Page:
"By my willingness to work hard and be resilient combined with a good bit of luck my mom and dad had taken me across the color line and around the world showing me what what was possible so that I could dare to imagine any kind of life I wanted and so there's no better way to start this conversation than talking about your parents. Jim Bowman and Barbara Taylor and also the fact that you were born in Iran. So why on Earth were you born in Iran. And what took Jim Bowman amd Barbara Taylor to Iran in the first place I get that a lot. Like what on Earth are you doing there. So that's where my mother was where she gave birth. So that's why I was born there and my parents. Well let's see so Barbara. Jim Bowman. My mother grew up in Chicago and my father grew up in Washington in DC and they met and fell in love and got married right. After my mother finish college my father was doing his residency in Chicago. My father got signed up for the military and he was in the army and when he was leaving the army a couple of years later he was looking for a job at a major teaching hospital in the United States. He wanted to do research but the largest by training and he could not find a job at a major teaching hospital in a position that would be comparable to his white counterparts. And so he and my mom who I will tell you where adventuresome spirit to say. The least decided well. Let's look for opportunities outside of the United States and so after much due diligence and searching Ching he landed a job offer cheering the department of pathology and helping to start a brand new hospital in Shiraz Iran and so off they they went they knew nothing about the government. The language the culture they never been any further than Europe by that point in time their family said don't go what are you thinking about. Ah Now obviously. The United States in Iran had very strong diplomatic relations at the time thank goodness and so they went and so he went from being considered needed a black doctor with a brick on his head to an American position judged by the merit of his accomplishments and he thrived and Sharon and I was the the second baby born in Mazi hospital. They practiced on some of the baby. I we're still not quite sure what happened there but I came along as number two and we lived there until I was five and from there. My Father Wallin Iran. He started doing research on fava beans. We're not gonNA talk about the father being researched but look it it up if you want to was groundbreaking research and it calms the attention of folks at the Golden Labs at University College London and so after five years my parents decided it. It's time to start migrating their way back home so they went to London for a year. And don't you know. He gave some paper at an international conference while he was at the Galt labs and it caught the attention of the dean of the University of Chicago Medical Center. I know and he got offered a tenure track position in my mother's hometown in the community where my grandmother and my aunt and a huge extended family had settled when the restrictive covenants were deemed unconstitutional and by people in Chicago. Were free to move anywhere. They all moved into Hyde Park. And so there we went and it's interesting because when I was growing up my dad always said to me sometimes times shortest distance to where you WanNa go means you have to be prepared to take the long way around. Well they certainly took the long way round but he spent the rest of his career right where he always always wanted to be at the University of Chicago and he was the first African American to receive tenure at the University of Chicago's division of Biological Sciences. Thank very much so acute. Remember if it's before they went to Iran. I think it's after they came back and he went to work and they told him and not to come in on this or so when my father went to Chicago. He was the first african-american a lot of that. He was a trailblazer to do his residency agency. At Saint Luke's Hospital in Chicago as where he and my mom actually fell in love and decided to get married and they told him he could not live in the dorm. I'm for the other residents which was on the property. Because he's black of these the only black one there and they said we can't live with the other residents so he had to commute to work five miles back at then in the Black Community by streetcar. Not An easy thing to do while everybody else is getting a good night's sleep. He's been an hour each way on the street car and then they also awesome. You have to come in the back door. And he's like you know what I'm not going to the back door. That is a bridge too far from me and so the first working went in the front door and no one said they think and that's kind of how Chicago they have these rules. But if you didn't abide by the maybe something happened. Maybe it didn't and so the next day when he showed up at work all of the Black folks that worked in the hospital so the orderlies and the nurses in the administrators were all gathered in the front of the hospital and as his story goes everybody walked in the front door or and that was the end of that bill and so that is used the perfect word here. And that's trailblazer. My favorite chapter after in the book is entitled Inheritance or the inheritance and her father. Isn't the only trailblazer in the family family. I'm just GonNa read this and you correct me where I get it wrong. Your great grandfather Robert Robinson Taylor became the first black student to attend 'EM. Mit Eighteen. Eighty eight in. His father was a slave. His father was born. A Slave Wilmington. North Carolina was freed during after the civil war and started work as a carpenter and decided that the path forward was education for his son so he saved enough money and who knows what he thought out of MIT. But that's what he thought of. My grandfather was accepted and then he went to mit. And I used to always imagine what was that train ride from Wilmington to MIT. Not like for my great grandfather. And what was his father thinking seeing as child go off north where. I'm sure he had never been before so he was a trailblazer who will. Oh keep on. Robert Robinson Taylor. He then went on to become America's first accredited black architect. He was hired by Booker. T. Washington to build buildings to Ski Institute Right. That's right I know but wait. There's more the your great great grandfather. Victor Rashawn was one of the first black legislators voted into the Louisiana House of Representatives during reconstruction destruction. But wait. There's more your grandfather Robert Rashawn Taylor graduated from the university the of Illinois with a degree in business and he is the person for whom the rubber Taylor houses were named for. Yeah not our proudest moments family. which which you write about in the book then I think either you or your mother like it pained either of you to drive by well so my grandfather father just for a second was a businessman and he was successful in banking and insurance and he was asked to chair the Chicago Housing Authority that oversees all the public housing in in Chicago and he had a vision for public housing? That involved making sure that it architecturally blended into the community so that it didn't stick out. It was indistinguishable extinguish -able. He thought they should offer social services and job training opportunities so that it would be a temporary waystation. People could move on from there. He believed that there should be strict rules of behavior and conduct and screening so he was kind of a person way before his time and finally. He resigned from the Housing Authority and frustration ration- because he couldn't get the Chicago City Council no surprise to allow him to build housing in areas that were white entered the restrictive covenants. All the black people live in one place smell the way people live somewhere else so he resigned and he also believed that housing should be low density and that you should have a front yard and a backyard and a sense Savona ship and feel responsibility and that doesn't come with big highrise monstrosities and so there was a certain irony six years after his death when Bayer daily dedicated hated the largest public housing development. I sixteen high-rise buildings right along the Dan Ryan Expressway in Chicago and he named him after my grandfather and so I attended attended the opening and it was always mixed emotions. There are people who are moving out of horrible tenements into these brand new buildings and for those families. This seem like a step up and a sense of progress but I overheard my grandmother and my mother and my aunt talking and the conversation was refreshed every time I am on the nightly news. You'd see Robert Taylor. Homes always associated with something terrible and they said it was the exact opposite of his vision for public housing. And that's your your father Robert Taylor. Successful in real estate and banking became the first black chairman of the Chicago Housing Authority in Nineteen Forty one. And I'm sorry that's is your Grandpa your grandmother. Who you're you're mother's father Barbara Taylor? She went to Sarah Lawrence. She's an educator she met and married your father on June seventeenth nineteen fifty to sixty nine years ago last week. Talk about your mother. Barbara Taylor now Barbara Bowman well first of all. She's ninety which is hugely important right. She made it to ninety. She still works fulltime. I know she goes to work every day. She drives drives yourself. That's another story. I'm trying to get a ride. Live time on the board of lifting on my mom you can ride lifted. You could go on come anytime you want to. She's like to drive myself. But that says a lot about Barbara but she's also quite frugal. So for example when I went to college she calculated what every class ask cost every class and she gave it to me on a piece of paper and said if you're ever tempted to cut class this is what it's GonNa cost your father and made but my parents love me unconditionally. Provided me with an enormous safety net to take all kinds of chances just as they had knowing that they would catch me the and they set very high expectations in terms of effort. Is Jonathan mentioned early on. They didn't care what I ended up doing. They just want to work hard. And be determined and resilient and and give it my best and that was no guarantee it. My parents look. You have to work twice as hard. They never finish that sentence but I knew what they meant. But if luck breaks your way the sky is the limit and don't let hard work prevents you from try for your goal and so that was kind of the spirit of how they raise me and my mom and my dad or polar opposites in only one way in that. My Dad's sees glasses like ninety nine percent full always and my mother no matter how good things are she is planning for the disaster and in fact the worst fight they ever had was over how they were going to spend the lottery proceeds from a lottery that they had not yet nor did ever win. My Dad had all these expansive plans and my mom was like paying taxes on it and setting up trust accounts and I think maybe five dollars leftover and they literally had an argument. They stopped upstairs fussing about this lottery proceeds and I was like shaking. My head was very very embarrassing. My boyfriend was home from law. School staying at our home and he's like do they fight like this all the time I said. I've never seen anything quite like it but I know one thing they will not go to bed. Angry agree and in fact they did figure out how to make up and they never won that lottery but they had very very different approaches to the world. And I think I'd tell towards my father and my optimism but my mom always said to like if things don't go your way you'll be fine and there was that sense even within her with our practicality that you just have to figure out another way of one way doesn't work just like they went off to Ron. We'll they knew swerve. And figure out your own path. What you talk about the safety net of family and community community there in Chicago? But that didn't mean you were immune to hardship by Harvard..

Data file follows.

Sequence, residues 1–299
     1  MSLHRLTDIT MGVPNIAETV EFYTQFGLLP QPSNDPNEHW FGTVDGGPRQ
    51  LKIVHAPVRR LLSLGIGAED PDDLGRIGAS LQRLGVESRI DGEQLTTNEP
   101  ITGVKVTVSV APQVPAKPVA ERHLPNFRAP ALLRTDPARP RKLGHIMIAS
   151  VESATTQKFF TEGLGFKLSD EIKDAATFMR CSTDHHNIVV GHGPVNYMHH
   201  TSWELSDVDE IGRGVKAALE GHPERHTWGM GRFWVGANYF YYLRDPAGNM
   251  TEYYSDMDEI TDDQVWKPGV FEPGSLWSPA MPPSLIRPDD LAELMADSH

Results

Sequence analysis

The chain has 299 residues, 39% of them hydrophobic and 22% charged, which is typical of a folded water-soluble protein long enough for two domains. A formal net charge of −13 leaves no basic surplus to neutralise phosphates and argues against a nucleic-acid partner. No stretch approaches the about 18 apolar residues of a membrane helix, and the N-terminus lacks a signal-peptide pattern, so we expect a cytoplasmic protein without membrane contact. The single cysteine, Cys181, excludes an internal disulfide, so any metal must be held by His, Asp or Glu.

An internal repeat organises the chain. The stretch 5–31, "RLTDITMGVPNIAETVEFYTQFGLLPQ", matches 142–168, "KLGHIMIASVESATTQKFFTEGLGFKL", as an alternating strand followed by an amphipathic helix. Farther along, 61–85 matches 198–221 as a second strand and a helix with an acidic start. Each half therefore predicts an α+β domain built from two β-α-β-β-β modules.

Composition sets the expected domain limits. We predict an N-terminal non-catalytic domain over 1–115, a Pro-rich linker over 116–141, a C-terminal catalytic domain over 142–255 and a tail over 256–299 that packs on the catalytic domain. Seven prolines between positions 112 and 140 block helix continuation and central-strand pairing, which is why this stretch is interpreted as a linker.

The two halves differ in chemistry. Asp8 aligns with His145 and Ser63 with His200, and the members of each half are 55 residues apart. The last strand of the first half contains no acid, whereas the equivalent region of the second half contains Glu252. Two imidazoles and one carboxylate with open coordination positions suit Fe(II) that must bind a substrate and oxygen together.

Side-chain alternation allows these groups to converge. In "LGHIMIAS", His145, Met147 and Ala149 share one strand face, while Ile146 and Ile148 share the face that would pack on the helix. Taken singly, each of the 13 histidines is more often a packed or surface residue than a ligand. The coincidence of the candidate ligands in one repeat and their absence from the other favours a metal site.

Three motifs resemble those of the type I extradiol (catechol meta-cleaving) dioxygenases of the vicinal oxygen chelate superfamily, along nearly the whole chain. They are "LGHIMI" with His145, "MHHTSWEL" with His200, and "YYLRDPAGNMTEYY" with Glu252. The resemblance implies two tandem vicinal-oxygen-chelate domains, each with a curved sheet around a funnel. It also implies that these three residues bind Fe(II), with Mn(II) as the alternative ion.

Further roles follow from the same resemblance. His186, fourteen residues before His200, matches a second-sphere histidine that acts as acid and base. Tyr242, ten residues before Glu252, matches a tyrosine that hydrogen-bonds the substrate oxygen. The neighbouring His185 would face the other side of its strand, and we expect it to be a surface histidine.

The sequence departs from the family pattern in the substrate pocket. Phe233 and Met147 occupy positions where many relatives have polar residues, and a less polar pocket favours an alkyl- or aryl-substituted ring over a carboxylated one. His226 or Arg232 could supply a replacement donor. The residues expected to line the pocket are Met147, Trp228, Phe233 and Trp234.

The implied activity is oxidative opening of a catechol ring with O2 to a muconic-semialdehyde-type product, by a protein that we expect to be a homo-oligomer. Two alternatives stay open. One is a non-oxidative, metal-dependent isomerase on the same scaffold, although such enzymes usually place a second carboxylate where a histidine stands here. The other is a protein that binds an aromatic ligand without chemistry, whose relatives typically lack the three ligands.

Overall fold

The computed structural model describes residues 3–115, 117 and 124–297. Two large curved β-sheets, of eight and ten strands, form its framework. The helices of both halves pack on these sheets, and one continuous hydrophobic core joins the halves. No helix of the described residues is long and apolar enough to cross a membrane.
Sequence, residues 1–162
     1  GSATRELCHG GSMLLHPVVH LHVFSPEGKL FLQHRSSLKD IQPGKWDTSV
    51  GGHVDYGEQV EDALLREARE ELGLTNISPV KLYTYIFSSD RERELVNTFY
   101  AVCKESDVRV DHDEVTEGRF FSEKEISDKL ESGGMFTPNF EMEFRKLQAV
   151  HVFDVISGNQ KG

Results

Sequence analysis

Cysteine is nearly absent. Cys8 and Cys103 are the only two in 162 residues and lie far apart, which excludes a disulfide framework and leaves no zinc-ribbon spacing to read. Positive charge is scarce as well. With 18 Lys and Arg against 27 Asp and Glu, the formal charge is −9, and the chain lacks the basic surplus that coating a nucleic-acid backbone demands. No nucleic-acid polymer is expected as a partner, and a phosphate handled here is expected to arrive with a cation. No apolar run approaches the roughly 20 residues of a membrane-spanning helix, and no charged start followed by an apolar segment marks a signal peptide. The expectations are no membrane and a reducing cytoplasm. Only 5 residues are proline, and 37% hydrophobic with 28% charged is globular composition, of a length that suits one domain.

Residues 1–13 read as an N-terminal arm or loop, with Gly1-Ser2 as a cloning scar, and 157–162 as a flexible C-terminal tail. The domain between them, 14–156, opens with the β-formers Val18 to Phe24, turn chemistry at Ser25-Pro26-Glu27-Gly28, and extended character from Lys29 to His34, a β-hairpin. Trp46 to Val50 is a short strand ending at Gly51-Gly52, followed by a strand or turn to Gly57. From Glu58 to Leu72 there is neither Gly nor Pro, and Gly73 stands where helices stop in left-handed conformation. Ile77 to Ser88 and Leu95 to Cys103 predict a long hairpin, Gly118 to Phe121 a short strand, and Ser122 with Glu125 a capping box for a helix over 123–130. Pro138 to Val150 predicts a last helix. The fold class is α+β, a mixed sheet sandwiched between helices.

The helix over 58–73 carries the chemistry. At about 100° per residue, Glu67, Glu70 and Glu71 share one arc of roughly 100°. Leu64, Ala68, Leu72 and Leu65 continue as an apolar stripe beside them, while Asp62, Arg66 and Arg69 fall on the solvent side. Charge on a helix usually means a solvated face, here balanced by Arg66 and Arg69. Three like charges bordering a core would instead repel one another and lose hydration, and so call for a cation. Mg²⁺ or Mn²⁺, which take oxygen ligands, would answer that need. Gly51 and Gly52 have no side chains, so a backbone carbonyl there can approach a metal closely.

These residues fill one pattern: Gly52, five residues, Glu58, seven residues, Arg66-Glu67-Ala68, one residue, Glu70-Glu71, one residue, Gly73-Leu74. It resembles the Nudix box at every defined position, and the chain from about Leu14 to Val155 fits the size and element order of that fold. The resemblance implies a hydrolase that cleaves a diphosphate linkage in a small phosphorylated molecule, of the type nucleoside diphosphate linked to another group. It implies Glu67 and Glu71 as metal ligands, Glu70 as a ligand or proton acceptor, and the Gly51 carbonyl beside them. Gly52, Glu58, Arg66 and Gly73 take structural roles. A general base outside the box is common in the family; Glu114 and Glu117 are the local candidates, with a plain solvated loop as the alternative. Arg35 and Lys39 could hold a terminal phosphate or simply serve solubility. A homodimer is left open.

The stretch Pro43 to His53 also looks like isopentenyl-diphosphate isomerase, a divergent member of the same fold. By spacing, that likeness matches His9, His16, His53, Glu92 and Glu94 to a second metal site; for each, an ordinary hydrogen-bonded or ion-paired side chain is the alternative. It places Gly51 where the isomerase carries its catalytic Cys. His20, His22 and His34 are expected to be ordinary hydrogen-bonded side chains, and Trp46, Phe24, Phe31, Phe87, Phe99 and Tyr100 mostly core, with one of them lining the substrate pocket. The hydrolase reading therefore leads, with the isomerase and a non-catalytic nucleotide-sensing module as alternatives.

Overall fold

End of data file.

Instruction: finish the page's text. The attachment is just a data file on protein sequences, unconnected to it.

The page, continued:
"valerie" Discussed on Seneca Women Conversations on Power and Purpose